#14 – Batimat Building Smarter

The Majunga Tower in Paris, a First for Many Things

On November 3, 2015, our tour guide led us through the Paris business district La Défense and directed us toward Majunga Tower by award-winning architect Jean-Paul Viguier. The silver of the double-skin façade glistened as the sun began to fade. Thin metal sheets with, what seemed to be, a digital code design ran vertically between different sections of the glass façade. What is it?

Opening a Window on the 46th Floor

It is true that, while the Majunga Tower is the first high-rise building in France to receive the BBC certification in its design phase–given to buildings whose energy consumption falls under the standard–, there’s more than meets the eye.

These code-like structures are not only a selling point for fashion, they contribute to the building’s adaptability to climate, sunshine and temperature. With a flip of a switch, the vertical “codes”–entitled a “breathing diaphragm” in the press release–open to allow contact with outside air.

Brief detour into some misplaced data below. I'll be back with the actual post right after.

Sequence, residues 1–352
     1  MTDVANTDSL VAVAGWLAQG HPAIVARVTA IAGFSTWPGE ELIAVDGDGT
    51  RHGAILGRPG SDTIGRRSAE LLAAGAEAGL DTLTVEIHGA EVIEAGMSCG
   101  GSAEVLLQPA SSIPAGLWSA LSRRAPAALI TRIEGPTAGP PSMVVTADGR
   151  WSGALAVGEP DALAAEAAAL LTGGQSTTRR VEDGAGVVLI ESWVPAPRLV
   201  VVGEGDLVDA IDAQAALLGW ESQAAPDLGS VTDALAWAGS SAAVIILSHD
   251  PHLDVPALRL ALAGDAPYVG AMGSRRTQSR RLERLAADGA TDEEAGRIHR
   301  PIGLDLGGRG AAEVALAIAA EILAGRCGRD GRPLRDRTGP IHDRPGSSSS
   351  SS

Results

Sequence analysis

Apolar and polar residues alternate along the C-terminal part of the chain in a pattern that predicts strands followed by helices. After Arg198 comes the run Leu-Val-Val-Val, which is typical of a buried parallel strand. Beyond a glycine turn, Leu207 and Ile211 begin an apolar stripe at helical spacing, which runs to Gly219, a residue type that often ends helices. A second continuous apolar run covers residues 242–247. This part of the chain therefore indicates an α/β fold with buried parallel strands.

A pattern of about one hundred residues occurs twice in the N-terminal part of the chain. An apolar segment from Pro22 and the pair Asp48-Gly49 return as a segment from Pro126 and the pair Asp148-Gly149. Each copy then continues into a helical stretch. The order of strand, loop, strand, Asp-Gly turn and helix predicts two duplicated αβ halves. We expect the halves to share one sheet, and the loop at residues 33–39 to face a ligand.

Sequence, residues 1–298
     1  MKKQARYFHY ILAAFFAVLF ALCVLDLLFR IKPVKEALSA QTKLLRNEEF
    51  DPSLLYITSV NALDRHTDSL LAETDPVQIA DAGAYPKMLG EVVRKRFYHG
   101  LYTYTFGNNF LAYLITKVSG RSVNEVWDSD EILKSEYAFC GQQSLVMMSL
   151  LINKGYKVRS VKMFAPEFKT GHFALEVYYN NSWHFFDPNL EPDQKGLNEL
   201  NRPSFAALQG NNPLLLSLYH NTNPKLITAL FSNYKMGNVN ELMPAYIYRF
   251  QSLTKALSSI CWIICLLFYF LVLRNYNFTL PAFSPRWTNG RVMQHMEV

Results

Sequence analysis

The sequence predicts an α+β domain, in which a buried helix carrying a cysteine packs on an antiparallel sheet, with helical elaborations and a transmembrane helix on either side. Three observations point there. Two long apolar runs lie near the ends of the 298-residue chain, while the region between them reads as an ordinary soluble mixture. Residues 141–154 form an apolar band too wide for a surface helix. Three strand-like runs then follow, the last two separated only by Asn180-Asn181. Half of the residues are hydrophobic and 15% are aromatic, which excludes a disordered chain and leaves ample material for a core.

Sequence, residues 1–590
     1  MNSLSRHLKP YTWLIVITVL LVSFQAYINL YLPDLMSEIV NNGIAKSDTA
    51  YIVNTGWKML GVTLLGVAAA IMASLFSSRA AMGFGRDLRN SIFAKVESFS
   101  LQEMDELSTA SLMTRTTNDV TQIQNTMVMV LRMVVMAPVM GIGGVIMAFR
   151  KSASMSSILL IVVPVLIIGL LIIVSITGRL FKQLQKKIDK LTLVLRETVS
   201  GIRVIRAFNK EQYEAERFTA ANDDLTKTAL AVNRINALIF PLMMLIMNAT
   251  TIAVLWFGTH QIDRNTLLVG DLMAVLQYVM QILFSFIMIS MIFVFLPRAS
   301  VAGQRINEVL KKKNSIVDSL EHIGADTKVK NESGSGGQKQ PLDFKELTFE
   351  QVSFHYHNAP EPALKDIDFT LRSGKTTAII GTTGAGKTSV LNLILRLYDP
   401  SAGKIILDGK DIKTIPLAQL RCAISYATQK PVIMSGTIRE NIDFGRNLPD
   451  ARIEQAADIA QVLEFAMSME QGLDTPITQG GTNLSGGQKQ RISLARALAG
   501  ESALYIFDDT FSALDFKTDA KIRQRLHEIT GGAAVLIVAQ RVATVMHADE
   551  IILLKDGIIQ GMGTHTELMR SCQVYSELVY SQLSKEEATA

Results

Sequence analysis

Unlike the typical window, it lets fresh air in without the possibility of anything or anyone falling out. The breathing diaphragm offers the building a low energy consumption solution and won it the European Bream Award 2013 for Best Building.

For the first time in France, people in an office building can open their windows,” Viguier said in an interview with French journalist Laurent Greilsamer, published in Greilsamer’s book Jean-Paul Viguier : Architecture.


Judging a Tower by Its Cover

The double-skin façade combines glass window frames and sills with aluminum and opaque components for the joinery. In addition to the “breathing diaphragm,” this bioclimatic façade offers optimal thermal and visual comfort with an integrated and protective sun shade system. Not only is fresh air let in, heat from sunshine is blocked out.

The project team has succeeded in eliminating the problem of excess heat, while gaining a maximum of energy efficient lighting. In addition to glass landing areas situated on each floor, the building’s 2.25 meters of clear glazing lets in a high percentage of natural light. Energy consumption is said to drop for both lighting and air-conditioning.

About the Author

Hilary Edesess is a freelance journalist based in Marseille, France. She blogs about culture, art and urban design.

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